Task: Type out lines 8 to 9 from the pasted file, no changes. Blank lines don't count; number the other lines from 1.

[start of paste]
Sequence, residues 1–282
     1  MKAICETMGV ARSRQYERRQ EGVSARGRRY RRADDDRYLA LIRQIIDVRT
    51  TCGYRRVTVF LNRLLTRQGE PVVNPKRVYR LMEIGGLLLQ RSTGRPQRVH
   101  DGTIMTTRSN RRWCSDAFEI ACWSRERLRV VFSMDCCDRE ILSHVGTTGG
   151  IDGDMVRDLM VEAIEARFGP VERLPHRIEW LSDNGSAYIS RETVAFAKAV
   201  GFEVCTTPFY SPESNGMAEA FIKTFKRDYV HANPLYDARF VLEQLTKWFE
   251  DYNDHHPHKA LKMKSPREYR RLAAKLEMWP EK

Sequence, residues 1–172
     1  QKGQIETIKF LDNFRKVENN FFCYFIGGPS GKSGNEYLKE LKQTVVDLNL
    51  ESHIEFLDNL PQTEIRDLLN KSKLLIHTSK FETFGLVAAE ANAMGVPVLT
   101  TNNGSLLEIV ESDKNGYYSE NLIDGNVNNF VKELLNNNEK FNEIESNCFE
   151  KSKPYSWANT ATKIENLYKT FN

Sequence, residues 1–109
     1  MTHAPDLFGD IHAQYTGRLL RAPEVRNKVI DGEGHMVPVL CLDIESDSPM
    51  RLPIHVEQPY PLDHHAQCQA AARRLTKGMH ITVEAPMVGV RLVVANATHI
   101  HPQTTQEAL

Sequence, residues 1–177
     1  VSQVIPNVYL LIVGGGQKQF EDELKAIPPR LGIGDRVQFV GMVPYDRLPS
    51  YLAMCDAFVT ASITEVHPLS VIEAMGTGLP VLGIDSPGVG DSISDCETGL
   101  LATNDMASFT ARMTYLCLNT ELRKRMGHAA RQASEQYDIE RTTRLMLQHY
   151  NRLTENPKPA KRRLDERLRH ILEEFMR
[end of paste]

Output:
Sequence, residues 1–172
     1  QKGQIETIKF LDNFRKVENN FFCYFIGGPS GKSGNEYLKE LKQTVVDLNL